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Chronotypic Variation among Early and Middle Neolithic Societes in Poland Stanis³aw Iwaniszewski State Archaeological Museum, Warsaw, Poland National School of Anthropology and History, Mexico Proceedings of the Conference “Time and Astronomy in Past Cultures”, Toruñ, March 30 – April 1, 2005, A. So³tysiak (ed.), Warszawa – Toruñ 2006, pp. 101–115. Abstract: According to Douglass W. Bailey (1993) Neolithic and Early Bronze societies from south-eastern Europe were driven by two different chronotypes, the cyclical and linear ones. However, when the cognitive

. (1989). Die Hausentwicklung im Mittelneolithikum Zentraleuropas. Universitätsforschungen zur prähistorischen Archäologie 1, Bonn, Habelt. Harris, M. (1966). The Cultural Ecology of India`s Sacred Cattle. Current Anthropologie, Vol. 7, 51-59. Hodder, I. (1990). The Domestication of Europe: Structure and Contingency in Neolithic Societies. Oxford, Basil Blackwell. Hofmann, D. (2006). Different times, different places. Architectural changes from the Early to the Middle Neolithic in Lower Bavaria. Journal of Iberian Archaeology 8, 185-202. Hofmann D., Pechtl, J

fossés circulaires; fossé d’enceinte; analyses ar- chéozoologiques et archéobotaniques. Abstract: The state of research on Middle Neolithic settle- ments is extremely patchy. For many regions there are little available data which could give information on how settlements were structured or how the economy of their inhabitants was organised. There is even less information on Middle Neolithic settlements with circular enclosures. At the Northwestern Bavarian site of Ippesheim, initial findings on the above-mentioned aspects have been ob- tained through geomagnetic

Abstract

This paper investigates to what extent the significant material changes observable at the end of the Neolithic reflect transformations of the underlying social dynamics. Answering this question will help us to understand the formation of Bronze Age societies. The analysis concerns southern Scandinavia with a certain focus on Denmark. The assumption is that the creation of Bronze Age societies must be understood as a long formative process that partly originated in the culturally-heterogeneous Middle Neolithic. Four aspects seem to have been essential to this process: the rise of the warrior figure, the reintroduction of metal, increased agricultural production, and the establishment of one of the characteristic features of the Bronze Age, the chieftain hall. These aspects do not appear simultaneously but are introduced stepby- step starting out in the late Middle Neolithic and early Late Neolithic to fully develop around 2000 BC. Consequently, this paper argues that the final Late Neolithic (LN II, c. 1950-1700 BC) was de facto part of the Earliest Bronze Age.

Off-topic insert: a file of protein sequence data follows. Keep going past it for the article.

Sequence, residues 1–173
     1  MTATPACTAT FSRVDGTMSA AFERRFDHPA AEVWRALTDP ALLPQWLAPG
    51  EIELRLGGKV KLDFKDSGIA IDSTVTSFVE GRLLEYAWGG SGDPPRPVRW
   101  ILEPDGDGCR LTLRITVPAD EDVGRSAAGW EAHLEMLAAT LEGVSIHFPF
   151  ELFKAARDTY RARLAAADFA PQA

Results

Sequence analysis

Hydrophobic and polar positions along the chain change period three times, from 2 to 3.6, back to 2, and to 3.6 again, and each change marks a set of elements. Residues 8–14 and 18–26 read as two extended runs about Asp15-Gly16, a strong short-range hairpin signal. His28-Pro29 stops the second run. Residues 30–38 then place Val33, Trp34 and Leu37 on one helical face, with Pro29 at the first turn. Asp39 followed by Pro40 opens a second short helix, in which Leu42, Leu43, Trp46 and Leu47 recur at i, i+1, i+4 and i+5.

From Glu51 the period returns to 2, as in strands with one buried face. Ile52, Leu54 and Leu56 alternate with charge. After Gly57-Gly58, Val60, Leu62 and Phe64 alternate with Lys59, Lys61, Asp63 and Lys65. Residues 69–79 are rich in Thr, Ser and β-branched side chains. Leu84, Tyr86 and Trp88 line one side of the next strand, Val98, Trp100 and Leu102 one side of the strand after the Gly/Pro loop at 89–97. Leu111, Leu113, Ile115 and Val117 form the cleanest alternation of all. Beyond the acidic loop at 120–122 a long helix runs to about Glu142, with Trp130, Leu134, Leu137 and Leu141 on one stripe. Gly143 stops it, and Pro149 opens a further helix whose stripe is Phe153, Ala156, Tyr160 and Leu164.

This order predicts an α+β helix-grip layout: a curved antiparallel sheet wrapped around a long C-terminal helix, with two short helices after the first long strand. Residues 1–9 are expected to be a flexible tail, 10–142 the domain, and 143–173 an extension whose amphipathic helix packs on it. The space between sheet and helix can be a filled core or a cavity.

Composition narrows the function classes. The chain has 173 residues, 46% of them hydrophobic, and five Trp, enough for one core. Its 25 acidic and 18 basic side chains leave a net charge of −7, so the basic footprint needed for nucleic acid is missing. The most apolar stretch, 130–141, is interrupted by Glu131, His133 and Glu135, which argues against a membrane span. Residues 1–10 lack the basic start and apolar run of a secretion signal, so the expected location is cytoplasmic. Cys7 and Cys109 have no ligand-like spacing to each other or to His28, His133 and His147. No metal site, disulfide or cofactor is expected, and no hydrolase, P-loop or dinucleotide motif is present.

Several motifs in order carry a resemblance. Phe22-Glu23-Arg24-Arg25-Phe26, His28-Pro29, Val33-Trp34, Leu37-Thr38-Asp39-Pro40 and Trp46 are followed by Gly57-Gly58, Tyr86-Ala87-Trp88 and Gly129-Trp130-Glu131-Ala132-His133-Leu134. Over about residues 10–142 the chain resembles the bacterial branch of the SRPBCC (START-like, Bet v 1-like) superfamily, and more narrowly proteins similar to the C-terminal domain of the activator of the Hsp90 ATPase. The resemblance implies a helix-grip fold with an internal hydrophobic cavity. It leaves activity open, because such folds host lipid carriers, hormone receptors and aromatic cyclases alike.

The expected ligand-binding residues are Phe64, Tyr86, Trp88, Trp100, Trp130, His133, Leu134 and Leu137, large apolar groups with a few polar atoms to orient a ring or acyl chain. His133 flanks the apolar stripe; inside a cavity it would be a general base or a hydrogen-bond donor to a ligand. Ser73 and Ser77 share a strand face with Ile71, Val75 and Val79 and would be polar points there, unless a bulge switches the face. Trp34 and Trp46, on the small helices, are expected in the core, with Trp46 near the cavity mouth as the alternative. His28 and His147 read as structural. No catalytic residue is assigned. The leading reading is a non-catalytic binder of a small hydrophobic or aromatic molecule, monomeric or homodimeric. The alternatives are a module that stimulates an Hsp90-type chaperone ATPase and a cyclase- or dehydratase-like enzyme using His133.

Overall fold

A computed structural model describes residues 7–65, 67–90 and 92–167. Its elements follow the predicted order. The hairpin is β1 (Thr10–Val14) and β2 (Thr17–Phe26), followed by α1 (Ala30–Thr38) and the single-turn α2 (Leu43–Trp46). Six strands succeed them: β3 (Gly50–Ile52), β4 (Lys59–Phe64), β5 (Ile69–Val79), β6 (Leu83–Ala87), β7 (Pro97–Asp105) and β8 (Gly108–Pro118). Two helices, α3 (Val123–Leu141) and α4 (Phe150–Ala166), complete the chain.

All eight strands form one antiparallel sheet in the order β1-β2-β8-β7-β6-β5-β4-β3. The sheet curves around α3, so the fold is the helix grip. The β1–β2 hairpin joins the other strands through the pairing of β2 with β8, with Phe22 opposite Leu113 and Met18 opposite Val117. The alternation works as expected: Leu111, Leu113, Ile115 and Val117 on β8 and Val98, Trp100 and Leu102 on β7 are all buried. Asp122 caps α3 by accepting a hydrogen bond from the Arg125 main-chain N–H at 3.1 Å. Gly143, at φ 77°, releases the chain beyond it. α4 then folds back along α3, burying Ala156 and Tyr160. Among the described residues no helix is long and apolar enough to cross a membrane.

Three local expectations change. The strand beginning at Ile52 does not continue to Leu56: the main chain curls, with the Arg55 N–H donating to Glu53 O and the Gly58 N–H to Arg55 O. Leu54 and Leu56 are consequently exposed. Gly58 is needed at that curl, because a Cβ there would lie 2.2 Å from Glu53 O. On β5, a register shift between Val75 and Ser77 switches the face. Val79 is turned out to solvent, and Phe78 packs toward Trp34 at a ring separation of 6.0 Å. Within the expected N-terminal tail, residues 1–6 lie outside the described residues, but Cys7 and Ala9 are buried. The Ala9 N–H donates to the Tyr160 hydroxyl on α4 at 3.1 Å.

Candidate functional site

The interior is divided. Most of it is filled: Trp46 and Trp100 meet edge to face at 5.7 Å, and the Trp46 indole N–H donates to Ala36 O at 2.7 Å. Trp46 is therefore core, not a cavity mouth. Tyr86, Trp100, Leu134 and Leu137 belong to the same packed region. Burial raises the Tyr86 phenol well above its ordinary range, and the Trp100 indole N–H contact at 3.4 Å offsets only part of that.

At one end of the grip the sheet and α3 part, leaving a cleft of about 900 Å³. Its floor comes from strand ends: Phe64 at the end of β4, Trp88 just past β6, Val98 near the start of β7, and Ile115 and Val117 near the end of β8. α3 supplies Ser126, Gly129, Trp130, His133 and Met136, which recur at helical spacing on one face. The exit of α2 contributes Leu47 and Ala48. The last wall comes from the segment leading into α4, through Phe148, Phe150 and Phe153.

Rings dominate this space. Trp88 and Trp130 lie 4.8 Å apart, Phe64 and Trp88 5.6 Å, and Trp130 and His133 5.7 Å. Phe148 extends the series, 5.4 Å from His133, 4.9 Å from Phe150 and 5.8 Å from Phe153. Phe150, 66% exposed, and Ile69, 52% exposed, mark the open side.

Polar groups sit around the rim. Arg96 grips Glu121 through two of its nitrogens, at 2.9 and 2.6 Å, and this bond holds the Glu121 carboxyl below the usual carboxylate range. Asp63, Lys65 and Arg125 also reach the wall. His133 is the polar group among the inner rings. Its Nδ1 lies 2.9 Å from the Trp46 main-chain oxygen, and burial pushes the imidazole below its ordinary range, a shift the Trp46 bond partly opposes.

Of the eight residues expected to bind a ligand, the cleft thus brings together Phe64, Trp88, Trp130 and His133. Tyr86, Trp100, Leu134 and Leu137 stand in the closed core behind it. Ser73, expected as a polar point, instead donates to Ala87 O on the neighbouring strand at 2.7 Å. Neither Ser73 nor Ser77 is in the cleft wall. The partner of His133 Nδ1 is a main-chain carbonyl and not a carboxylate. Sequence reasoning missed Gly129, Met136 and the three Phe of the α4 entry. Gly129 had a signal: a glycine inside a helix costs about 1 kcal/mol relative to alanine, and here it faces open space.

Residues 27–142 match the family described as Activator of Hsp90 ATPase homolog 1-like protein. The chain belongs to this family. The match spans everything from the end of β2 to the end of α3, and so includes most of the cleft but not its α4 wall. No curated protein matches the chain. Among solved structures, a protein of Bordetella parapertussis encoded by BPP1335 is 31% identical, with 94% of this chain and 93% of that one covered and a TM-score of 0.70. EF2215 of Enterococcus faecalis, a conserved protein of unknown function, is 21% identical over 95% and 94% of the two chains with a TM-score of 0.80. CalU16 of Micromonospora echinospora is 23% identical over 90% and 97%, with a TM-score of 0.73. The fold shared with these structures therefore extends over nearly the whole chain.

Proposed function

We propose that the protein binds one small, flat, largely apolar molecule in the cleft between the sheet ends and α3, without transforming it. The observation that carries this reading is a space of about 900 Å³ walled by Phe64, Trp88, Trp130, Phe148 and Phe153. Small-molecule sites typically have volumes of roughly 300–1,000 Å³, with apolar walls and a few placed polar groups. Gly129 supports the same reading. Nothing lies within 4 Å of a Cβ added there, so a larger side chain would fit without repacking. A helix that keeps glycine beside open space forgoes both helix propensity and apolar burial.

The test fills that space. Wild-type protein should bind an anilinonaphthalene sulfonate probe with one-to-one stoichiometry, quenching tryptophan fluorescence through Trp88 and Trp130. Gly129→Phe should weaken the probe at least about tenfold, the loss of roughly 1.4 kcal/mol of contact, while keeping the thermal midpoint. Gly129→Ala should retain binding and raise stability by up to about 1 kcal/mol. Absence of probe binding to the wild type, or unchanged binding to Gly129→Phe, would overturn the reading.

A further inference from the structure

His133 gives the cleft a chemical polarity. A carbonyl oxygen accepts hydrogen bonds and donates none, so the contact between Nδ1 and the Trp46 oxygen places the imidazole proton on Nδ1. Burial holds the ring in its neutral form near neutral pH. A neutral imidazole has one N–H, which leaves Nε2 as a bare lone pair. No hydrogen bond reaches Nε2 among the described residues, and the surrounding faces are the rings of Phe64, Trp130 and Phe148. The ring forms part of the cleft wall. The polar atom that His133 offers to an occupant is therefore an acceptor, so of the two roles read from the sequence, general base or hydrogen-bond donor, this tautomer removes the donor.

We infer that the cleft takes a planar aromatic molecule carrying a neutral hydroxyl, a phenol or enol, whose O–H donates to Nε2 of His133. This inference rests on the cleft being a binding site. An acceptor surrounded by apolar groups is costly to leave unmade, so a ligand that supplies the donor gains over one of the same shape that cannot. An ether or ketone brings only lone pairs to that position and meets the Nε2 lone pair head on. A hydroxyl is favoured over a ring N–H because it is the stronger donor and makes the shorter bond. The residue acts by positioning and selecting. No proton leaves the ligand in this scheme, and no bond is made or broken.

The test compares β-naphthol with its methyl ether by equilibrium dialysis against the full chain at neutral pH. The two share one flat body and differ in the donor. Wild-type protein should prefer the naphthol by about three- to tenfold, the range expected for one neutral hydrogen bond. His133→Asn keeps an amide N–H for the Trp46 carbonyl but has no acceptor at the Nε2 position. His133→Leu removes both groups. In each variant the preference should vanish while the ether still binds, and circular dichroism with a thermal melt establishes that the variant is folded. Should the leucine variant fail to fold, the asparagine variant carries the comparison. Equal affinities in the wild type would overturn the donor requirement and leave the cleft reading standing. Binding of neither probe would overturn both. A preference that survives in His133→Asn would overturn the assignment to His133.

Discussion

radiocarbone; artefacts en bois; transformations; Schleswig-Holstein Abstract: With the beginning of the DFG Collabora- tive Research Centre 1266 ”Scales of Transformation  - Human-Environmental Interaction in Prehistoric and Archaic Societies”, the subproject ”Late Mesolithic and Neolithic Transformations on the Northern and Central European Plain” also focused on the question of the transition from Middle Neolithic Funnel Beaker to Young Neolithic Single Grave societies. Due to the lack of settle- ment findings, first archaeological investigations were realised in

Abstract

Remains of the houses in the Late Neolithic of Northern Greece are as a rule less well preserved than in some other regions of Greece such as Thessaly. The site of Stavroupoli-Thessaloniki is a settlement with a dense habitation pattern, but poorly preserved architecture. Several habitation phases have been distinguished, dating to the Middle and Late Neolithic. Radiocarbon dates place the earlier phase to 5890 B.C. or slightly later. As the domestic unit in Stavroupoli can barely be approached through their architecture, the ceramic wares and particularly the cooking vessels will be used as a proxy to identify households and clarify aspects of their organization. The size of domestic units is approached through capacity of cooking pots, assuming that sharing cooked food on everyday level is a vital element of these units. Also, variability in cooking techniques between houses and possible changes through time will be examined through both the shape and the size of cooking vessels. Finally, Stavroupoli’s cooking pots will be compared with cooking vessels from other contemporaneous sites in order to approach the issue of household on a regional level.